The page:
China’s Push for Electric Vehicles

The Chinese government has formulated a plan to make their nation one of the leading producers of hybrid and electric vehicles by 2012.  It is rapidly increasing the amount of research funding for electric car designs.  Consumers who buy alternative energy vehicles will receive tax credits, and taxi fleets and government agencies are offered subsidies as high as $8,800 for similar purchases.  In addition, the state electricity grid has been ordered to construct electric car-charging stations in major metropolitan areas.

 

Last year, China produced a combined total of 2,100 hybrid and electric cars and buses, but the government wants to raise that number to 500,000 by the end of 2011.  Analysts predict that by that time Japan and South Korea combined will be making 1.1 million such vehicles and the US will be manufacturing 267,000 of them.

 

Chinese leaders are pushing the development of non-gasoline vehicles for two main reasons.  The first is that China has major pollution problems; 16 of the top 20 most polluted cities in the world are located in that country, according to the World Bank.  The hope is that clean electric cars and buses will significantly reduce the amount of smog over urban areas.  It should be noted that the move towards alternative energy vehicles will only reduce greenhouse gas emissions in China by 19 percent because coal-powered electric plants are responsible for the vast majority of such emissions.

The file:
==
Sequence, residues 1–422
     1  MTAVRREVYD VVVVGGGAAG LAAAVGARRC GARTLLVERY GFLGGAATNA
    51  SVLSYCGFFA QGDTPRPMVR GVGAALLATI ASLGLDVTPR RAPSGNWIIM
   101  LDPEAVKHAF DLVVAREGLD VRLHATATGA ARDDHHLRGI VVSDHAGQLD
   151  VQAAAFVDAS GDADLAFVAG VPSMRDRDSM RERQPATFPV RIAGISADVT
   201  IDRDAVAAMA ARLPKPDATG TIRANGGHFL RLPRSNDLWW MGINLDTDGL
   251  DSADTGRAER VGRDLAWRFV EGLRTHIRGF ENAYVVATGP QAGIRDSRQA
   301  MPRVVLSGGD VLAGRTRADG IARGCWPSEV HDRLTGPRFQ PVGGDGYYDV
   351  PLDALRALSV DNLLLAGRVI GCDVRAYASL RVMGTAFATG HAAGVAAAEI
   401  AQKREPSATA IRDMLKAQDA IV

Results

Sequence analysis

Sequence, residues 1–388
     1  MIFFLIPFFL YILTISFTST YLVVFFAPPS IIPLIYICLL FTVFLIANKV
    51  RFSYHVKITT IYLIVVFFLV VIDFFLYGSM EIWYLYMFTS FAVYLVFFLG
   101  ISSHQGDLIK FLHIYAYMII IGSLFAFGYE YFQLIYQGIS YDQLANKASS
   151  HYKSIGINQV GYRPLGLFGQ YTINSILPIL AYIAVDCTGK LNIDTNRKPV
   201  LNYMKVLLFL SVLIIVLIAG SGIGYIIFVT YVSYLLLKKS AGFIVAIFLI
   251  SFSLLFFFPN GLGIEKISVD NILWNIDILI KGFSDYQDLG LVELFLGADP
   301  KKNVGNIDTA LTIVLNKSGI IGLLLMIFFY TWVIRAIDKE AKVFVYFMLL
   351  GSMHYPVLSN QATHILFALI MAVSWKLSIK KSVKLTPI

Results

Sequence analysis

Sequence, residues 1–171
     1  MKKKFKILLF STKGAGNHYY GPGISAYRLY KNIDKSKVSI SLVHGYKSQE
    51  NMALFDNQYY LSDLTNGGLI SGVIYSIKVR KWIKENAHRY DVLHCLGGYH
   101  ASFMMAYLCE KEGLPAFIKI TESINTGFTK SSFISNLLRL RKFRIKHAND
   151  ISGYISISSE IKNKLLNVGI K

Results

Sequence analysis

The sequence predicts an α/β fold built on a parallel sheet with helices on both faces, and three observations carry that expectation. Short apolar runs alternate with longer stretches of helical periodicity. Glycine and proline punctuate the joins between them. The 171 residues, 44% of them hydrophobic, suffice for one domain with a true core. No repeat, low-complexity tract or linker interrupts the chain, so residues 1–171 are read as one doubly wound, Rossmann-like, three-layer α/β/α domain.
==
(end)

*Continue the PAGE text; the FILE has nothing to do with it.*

A second reason behind the Chinese efforts to promote battery-powered forms of transportation is to reduce China’s dependence on foreign oil.  China imports much of its oil from unstable regions of the world such as the Middle East and Africa, and it is shipped across American-controlled sea lanes.  The embrace of alternative forms of energy clearly has a geostrategic purpose.

 

If the Chinese plan for electric vehicles is successful it could have many positive consequences for the rest of the world.  It will mitigate global warming and thereby benefit the environment.  It may lessen China’s desire to build a strong blue-water Navy that could challenge US naval dominance and in doing so prevent a military buildup that could spark an arms race and increase tensions in East Asia.  It might curb human rights abuses by ending, or at least significantly reducing, Chinese support for authoritarian regimes that export oil.  It should also benefit automobile consumers around the world by increasing competition among automakers, thereby reducing prices and fueling innovation.

 

Other nations should support China’s decision to move in this direction and adopt similar policies to promote the use of alternative energy in order to reap the many benefits that such a course of action offers.

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